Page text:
A few weeks ago, we discussed how Luke Perry took steps to protect his family in the event that he passed away. Today, we’ll take a look at another celebrity who passed away last month, that being soap opera television star Kristoff St. John. Originally, it was reported that the Young and the Restless star passed away with no will. A recent development, however, may prove otherwise.  With this development, the family could now face a long, drawn out probate process.

Conflicting Reports

Reported by The Grio, Kristoff’s daughter Paris St. John filed paperwork to become administrator of her father’s estate believing there was no will. By becoming the administrator over her father’s estate, she would have authority to distribute the probate assets pursuant to the statutory provisions which stipulate a 50/50 split between Kristoff’s daughters.

A new report from The Blast, however, seems to indicate the paperwork have been for naught. According to the report published March 25, Kristoff may have a handwritten will known as a “holographic will” that is dated August 12, 2017. A valid holographic will is a will that’s handwritten in the person’s own writing and signed, but no witnesses are required.

According to this will, Kristoff’s assets would be split 75/25 between his daughters Lola and Paris, respectively. The will also has a somewhat out of context note, in what we are speculating may be different handwriting. The note states that Kristoff’s father must provide $100,000 to Lola immediately.

The Perplexity of the Will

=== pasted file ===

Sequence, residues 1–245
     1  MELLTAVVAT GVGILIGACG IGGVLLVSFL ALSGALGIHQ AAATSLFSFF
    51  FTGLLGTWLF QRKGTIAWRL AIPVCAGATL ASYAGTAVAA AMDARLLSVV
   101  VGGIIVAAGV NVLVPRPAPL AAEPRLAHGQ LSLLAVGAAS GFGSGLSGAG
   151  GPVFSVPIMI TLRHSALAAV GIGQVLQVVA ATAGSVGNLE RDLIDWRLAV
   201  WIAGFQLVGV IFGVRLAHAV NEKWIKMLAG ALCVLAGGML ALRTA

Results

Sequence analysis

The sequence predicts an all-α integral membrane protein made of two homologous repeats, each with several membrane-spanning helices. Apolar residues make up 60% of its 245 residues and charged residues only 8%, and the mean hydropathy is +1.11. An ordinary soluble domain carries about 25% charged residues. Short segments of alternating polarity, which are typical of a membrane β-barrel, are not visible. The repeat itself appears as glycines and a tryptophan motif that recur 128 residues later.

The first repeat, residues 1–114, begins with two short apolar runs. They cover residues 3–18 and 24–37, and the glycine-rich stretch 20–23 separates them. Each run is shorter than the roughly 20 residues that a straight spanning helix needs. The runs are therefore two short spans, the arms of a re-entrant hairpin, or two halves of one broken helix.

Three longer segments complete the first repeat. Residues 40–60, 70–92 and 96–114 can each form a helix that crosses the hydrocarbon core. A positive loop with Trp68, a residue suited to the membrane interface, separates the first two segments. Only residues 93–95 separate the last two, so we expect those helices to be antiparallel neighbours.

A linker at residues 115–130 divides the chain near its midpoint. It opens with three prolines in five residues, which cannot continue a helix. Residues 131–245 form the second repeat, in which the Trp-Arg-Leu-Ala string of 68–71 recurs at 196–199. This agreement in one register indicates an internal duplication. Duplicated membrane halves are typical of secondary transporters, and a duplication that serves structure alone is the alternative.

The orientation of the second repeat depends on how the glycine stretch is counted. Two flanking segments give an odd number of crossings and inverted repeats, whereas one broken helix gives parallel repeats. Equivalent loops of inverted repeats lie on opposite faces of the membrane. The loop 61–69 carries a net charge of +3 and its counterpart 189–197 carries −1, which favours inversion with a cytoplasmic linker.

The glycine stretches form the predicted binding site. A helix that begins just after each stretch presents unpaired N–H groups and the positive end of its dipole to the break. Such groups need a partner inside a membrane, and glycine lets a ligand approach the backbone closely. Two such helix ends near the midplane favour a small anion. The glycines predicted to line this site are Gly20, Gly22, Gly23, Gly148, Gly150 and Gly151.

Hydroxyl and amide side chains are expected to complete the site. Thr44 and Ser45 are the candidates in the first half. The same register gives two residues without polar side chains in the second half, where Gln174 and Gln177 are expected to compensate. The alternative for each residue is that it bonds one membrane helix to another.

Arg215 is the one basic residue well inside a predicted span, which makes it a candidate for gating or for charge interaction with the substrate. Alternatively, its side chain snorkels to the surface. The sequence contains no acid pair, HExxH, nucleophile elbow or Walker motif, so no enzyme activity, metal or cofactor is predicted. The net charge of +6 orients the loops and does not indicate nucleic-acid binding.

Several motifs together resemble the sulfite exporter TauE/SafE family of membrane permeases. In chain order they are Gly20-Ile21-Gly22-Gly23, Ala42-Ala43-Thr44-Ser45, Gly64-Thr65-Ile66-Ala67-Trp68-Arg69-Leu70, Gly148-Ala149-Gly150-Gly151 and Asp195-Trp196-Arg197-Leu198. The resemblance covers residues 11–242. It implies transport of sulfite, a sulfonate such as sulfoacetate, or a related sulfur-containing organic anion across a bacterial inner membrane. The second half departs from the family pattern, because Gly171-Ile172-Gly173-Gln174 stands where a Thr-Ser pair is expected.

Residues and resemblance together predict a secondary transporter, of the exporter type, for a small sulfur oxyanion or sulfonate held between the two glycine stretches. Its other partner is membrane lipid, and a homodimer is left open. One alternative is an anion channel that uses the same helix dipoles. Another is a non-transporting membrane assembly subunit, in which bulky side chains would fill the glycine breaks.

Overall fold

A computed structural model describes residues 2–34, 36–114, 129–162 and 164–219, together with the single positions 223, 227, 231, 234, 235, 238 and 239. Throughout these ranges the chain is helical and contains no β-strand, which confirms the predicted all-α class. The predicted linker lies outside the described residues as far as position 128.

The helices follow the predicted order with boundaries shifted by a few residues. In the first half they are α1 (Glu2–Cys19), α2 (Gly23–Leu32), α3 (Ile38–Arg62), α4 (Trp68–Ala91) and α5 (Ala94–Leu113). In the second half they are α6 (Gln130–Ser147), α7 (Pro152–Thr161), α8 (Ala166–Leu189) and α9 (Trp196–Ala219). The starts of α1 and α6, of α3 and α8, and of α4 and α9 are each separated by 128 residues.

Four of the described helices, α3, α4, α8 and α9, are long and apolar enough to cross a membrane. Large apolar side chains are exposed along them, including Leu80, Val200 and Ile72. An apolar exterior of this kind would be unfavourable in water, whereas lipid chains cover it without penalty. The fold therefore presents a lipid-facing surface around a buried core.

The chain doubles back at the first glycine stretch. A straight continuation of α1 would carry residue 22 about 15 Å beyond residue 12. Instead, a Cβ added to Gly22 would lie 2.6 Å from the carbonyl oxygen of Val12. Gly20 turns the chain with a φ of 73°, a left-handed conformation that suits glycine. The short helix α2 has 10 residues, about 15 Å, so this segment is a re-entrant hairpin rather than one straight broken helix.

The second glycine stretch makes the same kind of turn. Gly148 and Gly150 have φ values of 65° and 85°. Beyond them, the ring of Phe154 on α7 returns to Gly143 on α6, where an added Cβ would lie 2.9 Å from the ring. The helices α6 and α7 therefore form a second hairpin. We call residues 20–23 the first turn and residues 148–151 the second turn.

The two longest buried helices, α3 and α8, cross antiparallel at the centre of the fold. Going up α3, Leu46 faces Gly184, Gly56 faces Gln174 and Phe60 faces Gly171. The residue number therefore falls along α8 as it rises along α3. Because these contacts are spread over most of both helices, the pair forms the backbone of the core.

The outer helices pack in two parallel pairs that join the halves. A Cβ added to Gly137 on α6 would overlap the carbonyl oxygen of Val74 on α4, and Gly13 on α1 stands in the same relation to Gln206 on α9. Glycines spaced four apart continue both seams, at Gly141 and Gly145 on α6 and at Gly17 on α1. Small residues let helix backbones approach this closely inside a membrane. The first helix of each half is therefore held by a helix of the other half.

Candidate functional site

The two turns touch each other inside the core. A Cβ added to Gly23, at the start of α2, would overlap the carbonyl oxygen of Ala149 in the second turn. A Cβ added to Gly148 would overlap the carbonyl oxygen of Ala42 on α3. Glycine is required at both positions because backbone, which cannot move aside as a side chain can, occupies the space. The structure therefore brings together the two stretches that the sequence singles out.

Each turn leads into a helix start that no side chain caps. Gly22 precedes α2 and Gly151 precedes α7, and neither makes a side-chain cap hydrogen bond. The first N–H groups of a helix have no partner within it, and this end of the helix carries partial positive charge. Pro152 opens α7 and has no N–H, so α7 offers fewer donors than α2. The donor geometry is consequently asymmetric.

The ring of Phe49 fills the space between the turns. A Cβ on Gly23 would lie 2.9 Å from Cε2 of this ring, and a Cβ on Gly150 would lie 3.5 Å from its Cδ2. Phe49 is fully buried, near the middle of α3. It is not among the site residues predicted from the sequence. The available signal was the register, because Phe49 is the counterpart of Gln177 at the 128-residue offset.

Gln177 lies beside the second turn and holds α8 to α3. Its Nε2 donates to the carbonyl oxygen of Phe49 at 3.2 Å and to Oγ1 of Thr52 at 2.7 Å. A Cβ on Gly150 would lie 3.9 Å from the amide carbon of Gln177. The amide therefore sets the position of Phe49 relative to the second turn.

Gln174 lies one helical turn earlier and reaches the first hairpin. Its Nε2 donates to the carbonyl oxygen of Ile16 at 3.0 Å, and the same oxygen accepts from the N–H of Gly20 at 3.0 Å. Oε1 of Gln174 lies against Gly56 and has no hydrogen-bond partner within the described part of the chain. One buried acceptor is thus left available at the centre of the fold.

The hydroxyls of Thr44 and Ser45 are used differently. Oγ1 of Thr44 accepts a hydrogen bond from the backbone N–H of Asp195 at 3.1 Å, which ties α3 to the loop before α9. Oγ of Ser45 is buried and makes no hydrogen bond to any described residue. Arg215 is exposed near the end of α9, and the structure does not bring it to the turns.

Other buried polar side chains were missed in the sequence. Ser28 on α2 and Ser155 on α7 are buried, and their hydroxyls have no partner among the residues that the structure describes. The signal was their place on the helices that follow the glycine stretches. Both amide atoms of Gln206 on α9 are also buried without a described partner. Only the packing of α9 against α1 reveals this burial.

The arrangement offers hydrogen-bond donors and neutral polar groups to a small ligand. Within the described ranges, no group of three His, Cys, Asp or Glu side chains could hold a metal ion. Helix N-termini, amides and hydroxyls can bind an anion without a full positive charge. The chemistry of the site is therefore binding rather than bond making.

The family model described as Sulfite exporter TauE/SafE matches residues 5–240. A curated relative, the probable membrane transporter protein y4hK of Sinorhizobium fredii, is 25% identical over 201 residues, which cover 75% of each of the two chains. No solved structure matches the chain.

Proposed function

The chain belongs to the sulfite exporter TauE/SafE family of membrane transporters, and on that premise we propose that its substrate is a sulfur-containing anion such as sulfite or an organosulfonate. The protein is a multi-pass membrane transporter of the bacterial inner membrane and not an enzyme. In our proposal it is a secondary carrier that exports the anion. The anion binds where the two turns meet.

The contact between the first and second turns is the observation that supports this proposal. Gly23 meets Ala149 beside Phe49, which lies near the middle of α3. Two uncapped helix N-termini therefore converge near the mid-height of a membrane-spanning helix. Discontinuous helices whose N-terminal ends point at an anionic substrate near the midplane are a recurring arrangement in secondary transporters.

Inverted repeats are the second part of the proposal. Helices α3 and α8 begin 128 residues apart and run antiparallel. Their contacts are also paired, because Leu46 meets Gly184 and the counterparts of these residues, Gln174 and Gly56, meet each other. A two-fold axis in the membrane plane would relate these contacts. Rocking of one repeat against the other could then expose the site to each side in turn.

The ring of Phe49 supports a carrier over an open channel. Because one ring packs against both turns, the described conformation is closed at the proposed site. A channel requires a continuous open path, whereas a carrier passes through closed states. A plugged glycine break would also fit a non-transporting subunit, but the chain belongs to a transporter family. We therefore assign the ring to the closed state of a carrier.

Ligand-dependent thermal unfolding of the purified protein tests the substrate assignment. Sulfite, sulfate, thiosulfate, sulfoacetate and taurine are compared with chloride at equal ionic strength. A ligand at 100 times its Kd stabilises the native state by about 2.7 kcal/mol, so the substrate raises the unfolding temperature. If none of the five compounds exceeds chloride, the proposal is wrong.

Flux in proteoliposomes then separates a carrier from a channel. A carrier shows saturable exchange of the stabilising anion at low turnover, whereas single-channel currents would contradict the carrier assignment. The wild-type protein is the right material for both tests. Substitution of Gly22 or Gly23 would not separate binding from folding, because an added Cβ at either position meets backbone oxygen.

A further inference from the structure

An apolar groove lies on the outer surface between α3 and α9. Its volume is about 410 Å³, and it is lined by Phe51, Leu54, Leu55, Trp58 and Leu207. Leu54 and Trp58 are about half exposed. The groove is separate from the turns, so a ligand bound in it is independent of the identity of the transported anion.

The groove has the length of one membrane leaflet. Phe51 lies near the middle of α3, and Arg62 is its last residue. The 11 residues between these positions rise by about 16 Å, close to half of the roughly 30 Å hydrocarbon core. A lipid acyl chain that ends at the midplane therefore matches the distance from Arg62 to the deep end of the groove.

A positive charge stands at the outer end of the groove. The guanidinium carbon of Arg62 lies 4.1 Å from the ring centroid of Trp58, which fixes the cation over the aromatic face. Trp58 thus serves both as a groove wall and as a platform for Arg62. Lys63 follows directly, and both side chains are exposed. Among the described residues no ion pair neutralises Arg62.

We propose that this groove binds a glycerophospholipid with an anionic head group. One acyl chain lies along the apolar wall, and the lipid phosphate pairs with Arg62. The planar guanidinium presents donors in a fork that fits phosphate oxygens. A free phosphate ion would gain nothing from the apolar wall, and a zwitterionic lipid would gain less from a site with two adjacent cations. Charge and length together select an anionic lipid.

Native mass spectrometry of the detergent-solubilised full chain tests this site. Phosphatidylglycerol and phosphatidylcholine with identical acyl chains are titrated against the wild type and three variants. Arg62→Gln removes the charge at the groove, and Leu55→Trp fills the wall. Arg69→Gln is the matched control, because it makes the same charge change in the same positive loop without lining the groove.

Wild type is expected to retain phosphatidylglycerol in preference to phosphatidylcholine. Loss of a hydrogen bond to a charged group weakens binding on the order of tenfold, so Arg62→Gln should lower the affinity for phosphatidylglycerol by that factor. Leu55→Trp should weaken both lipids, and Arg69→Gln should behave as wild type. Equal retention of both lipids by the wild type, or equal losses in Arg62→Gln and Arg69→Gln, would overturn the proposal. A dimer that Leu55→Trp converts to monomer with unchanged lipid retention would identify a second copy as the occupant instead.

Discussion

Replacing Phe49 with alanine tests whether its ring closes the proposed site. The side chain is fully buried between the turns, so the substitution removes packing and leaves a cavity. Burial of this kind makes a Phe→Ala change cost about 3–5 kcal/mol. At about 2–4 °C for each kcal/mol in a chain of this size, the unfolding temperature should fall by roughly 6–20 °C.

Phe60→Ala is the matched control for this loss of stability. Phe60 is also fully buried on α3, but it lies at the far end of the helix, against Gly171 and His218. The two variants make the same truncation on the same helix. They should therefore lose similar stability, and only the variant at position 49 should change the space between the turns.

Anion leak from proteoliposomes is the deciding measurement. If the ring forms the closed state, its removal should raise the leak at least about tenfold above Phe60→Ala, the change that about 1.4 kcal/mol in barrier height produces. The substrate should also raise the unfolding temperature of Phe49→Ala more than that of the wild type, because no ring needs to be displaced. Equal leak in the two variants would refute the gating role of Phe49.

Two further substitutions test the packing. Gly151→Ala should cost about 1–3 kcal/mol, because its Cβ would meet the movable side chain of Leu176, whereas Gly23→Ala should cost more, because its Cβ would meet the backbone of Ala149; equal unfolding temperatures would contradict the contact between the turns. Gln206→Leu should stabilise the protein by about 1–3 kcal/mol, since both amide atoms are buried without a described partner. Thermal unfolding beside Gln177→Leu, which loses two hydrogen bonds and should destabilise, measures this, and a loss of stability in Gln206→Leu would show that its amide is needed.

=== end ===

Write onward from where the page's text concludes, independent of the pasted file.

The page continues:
This in itself is somewhat odd. Paris’ paperwork indicates that the estate is valued at $122k. Does the 100k become a specific bequest to pay to Lola first? Where is this 100k? In what format will this be paid out? Is it through a check previously delivered by Kristoff? Is the check valid or void? Also, did this action actually create a trust for Lola? There are so many questions that can be asked and even more potential outcomes.

In addition to the confusing terms of the will, Kristoff wants his father to be the executor of his estate. Because of this, his father has filed the late actor’s “holographic will” with the court, asking to take over the estate, effective immediately. The will, however, is going to come under review.

A Will Under Scrutiny?

In Kristoff’s case, taking a closer look at the will, you may notice that the handwriting differs in sections. Of note as well, some items were crossed out on the will and written over. No doubt, such things may be objected to in court and subject to more scrutiny. Perhaps nobody would want to object more than Paris, who stands to lose out if the will is accepted by the court.

Holographic wills such as Kristoff’s too often result in prolonging the probate process and creating unnecessary drama amongst beneficiaries. In fact, it can be argued that having no will at all is better, because there are clear statutory provisions for distribution of the assets.  With room for dispute, the potential for family drama is always lingering. With potential family drama comes strained relationships with people you may be close with. That’s not how you want things to go down.

Here at The Probate ProSM, we want to protect you and the people you care about. We work with our clients on wills, to make sure that there is no process in probate that goes longer than expected. We also want to make sure that everyone is cooperating with each other in this very sensitive matter. If you or someone you know may need estate planning, guardianship or conservatorship services, give us a call at 1-(877)-YOUR-FIRM.